U.S. Cities named after Chemical Elements

I recently went on a trip to Missouri and found Lithium, Mo. on a map. Flying home, I looked at a SD map and saw Lead SD, and then found Radium, KS.

Now after several hours using Mapquest, I have a pretty full list for the U.S. I also looked in an Atlas and found Tungsten N.W.T, and Uranium City Sask in Canada. Are there any in other countries that I have missed? I have included some cities where the name is not just the element, but the element and another word such as Tellurium Creek, CO, but I have not included all such things that I found.

I particularly like the fact that it is about 60 miles from Neon, KY to Krypton, KY. Why there isnt an Argon on the road between I don’t know.

Helium Monument, TX

Lithium, MO

Boron CA
Carbon: Il, OK,ia, in, pa, wy

neon: ky

sodium: wy

Aluminum Pond, NY

Sulfur Creek, CA, US
Sulfur Creek, FL, US
Sulfur Creek, OK, US
Sulfur Creek, TX, US
Sulfur Lick, KY, US
Sulfur Mine Hill, TX, US
Sulfur Run, WV, US

Calcium, NY

Titanium Reach, NJ

Vanadium, CO, NM

Manganese, MN

Iron, IL

Cobalt, CT, ID

Nickel, LA,TX

Copper, OR

Zinc, AR

Arsenic Creek, MT, US
Arsenic Lake, CO, US
Arsenic Mountain, MT

Krypton, KY

Molybdenum Mountain, AK

Silver, TX, AR, SC

Tin City, NC,
Tin Town, MO,

Antimony, UT

Tellurium Creek, CO, US
Tellurium Lake, CO, US
Tellurium Peak, OR, US

Iodine Creek, ID, US
Iodine Lake, WI, US
Iodine Prairie, CA, US

Barium Springs, NC

Tungsten, CO, Boulder, US
Tungsten, MT, Granite, US
Tungsten, NC, Vance, US
Tungsten, NV, Pershing

Platinum, AK

Gold, PA, Potter, US
Gold, NC, Burke, US

Mercury, NV, Nye, US
Mercury, TX, McCulloch, US
Mercury, AL, Madison, US

Lead, SD

Radium, CO, Grand, US
Radium, KS, Stafford, US
Radium, MN, Marshall, US
Radium, AZ, Gila, US
Radium, TX, Jones, US
Radium, VA, Greensville, US

Uranium Peak, CO
Uranium city sask.

Salt Lake City. :smiley:

Wow, that’s cool. I’m not sure how I’d feel living in Arsenic Creek, though…

Off the top of my head:

Silver Spring, MD
Leadville, CO
Golden, CO, home of Coors (blech) brewery

There’s also Wuxi (pronounced woo-shi), China, which my guidebook says means “no tin” – apparently the place used to be a tin mine, and then was named “no tin” when the stuff ran out.

On the flip side, the element Berkelium was named for Berkley, CA.

If you live in Berkley, you can give most of your address with elements: Berkelium, Californium, Americium.

Uravan, CO (uranium and vanadium) near Vanadium, CO

Sulphur Springs, Texas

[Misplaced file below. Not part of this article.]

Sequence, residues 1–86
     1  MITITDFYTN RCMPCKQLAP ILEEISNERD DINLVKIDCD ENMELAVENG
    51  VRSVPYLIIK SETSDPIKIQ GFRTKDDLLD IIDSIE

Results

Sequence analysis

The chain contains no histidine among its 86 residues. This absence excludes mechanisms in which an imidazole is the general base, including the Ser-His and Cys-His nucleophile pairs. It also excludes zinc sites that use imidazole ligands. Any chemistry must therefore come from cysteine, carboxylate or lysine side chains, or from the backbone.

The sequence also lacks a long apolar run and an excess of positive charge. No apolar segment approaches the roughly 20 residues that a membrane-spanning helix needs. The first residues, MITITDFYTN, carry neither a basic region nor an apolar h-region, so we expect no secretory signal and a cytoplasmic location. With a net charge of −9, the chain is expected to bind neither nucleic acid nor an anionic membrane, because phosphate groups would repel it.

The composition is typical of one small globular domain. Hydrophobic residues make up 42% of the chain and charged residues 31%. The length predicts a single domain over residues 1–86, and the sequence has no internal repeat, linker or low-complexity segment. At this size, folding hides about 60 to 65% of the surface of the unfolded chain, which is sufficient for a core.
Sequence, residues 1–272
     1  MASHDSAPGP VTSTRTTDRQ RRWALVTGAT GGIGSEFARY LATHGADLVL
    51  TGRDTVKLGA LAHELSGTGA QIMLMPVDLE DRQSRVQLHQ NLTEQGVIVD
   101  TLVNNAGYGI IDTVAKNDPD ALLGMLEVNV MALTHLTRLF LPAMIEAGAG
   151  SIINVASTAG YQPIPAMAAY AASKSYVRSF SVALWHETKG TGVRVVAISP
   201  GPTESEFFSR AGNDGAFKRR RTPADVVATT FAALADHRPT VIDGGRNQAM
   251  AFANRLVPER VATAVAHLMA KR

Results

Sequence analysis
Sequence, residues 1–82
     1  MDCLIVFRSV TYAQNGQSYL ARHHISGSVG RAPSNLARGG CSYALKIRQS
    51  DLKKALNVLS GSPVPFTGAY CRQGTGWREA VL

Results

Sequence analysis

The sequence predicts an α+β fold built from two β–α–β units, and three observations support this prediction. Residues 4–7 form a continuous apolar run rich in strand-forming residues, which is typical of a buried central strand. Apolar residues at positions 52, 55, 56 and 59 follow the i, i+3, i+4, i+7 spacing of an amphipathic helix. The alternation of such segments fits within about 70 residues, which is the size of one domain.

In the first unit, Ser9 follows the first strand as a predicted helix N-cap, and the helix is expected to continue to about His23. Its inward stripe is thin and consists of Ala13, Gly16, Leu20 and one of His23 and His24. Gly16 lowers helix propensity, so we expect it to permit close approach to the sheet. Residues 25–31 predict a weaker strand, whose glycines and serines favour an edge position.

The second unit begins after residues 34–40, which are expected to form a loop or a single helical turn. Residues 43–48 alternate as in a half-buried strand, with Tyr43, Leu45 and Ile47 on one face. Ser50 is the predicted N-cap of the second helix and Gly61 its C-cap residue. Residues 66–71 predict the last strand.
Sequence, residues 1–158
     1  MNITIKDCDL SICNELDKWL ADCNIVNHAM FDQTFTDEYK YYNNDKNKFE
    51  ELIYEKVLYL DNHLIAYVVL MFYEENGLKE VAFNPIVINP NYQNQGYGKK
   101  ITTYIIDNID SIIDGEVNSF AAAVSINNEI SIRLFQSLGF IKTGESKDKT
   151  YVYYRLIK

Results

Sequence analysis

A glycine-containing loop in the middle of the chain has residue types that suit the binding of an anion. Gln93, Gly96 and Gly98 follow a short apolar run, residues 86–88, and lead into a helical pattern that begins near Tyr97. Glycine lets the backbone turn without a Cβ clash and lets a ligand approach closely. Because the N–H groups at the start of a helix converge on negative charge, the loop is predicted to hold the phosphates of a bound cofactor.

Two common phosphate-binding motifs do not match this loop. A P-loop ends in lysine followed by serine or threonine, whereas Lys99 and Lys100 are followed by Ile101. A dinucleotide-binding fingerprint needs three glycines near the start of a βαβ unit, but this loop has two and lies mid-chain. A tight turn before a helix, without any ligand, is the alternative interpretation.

Sulphur, Louisiana

It’s not an element, but my favorite was always:

*Intercourse, PA *
I’m already planning a summer vacation there. :smiley:

Oh the sights I could see. . .

When the IAU took the unprecedented step of naming an element after the then-living Prof. Glenn Seaborg of the Lawrence Labs in Berkeley, for a while he was the only person in the world who could write his address in chemical elements:


And there’s an Alkali Flats nearby, isn’t there? How about something with “acid” in it?

I meant American Chemical Society, of course. doh

Someone linked to this zombie thread, so I figured I’d do a bit of thread necromancy to contribute an article I wrote for Word Ways magazine way back in the 90s:

The Chemistry of Placenames (pdf)

Nitro, West Virginia is named for nitroglycerin, if the Wikipedia page is to be believed. (Not exactly what the OP is asking for, but close enough to merit mention.)

My father was born there, and I’ve visited several times over the years. Smells like a chemical factory (of which there are many in the area) most of the time.

Ironton, OH

Not quite what the OP wanted but Strontium is named after Strontian in the N.W. of Scotland, where it was first discovered and mined.

I love the way “Molybdenum Mountain, AK.” rolls off the tongue.

Silver City, NM

Nice article, Dan. There is at least one other allotrope of oxygen besides Ozone TN. If you drive 1,100 miles WSW from Ozone TN you will arrive at Ozona TX.

I’ve always said the longest day of my life was driving east to west across Texas on I-10 in 1983. That was back in the days of the Double Nickel. Hell On Earth was 850 miles of bleak Texas at 55 mph on a hot day and no A/C in my car.

I was driving the entire length of I-10, Fla to Cal, on my return on a cross-country road trip. Very late at night, around 2AM, I crossed the LA-TX state line and soon hit the heaviest rain ever in my life (besides a monsoon in the Philippines one year). The rain was so thick and heavy I could barely see beyond the nose of my car in the dark. At times I had to crawl at 10 mph just to pick up the white lines in my headlights. That rain was something else! Welcome to Texas.

Early dawn was dry in Houston. Just keep driving, stop only for gas or nature calls. After 300 miles of I-10 I was in San Antonio, and after San Antonio it was 550 miles of NOTHINGNESS until you get to the west end of Texas, El Paso. In the middle of that nothingness is Ozona. I stopped quickly for gas and continued on, but I have always remembered that interesting name, Ozona

I take issue with the inclusion of Lead, SD on this list. Lead, SD is pronounced “leed” and refers to a mining lead in general, not to the element lead.

There is a town called Leadville in Colorado which I believe is pronounced like, and named for, the element, but I’m not certain about that.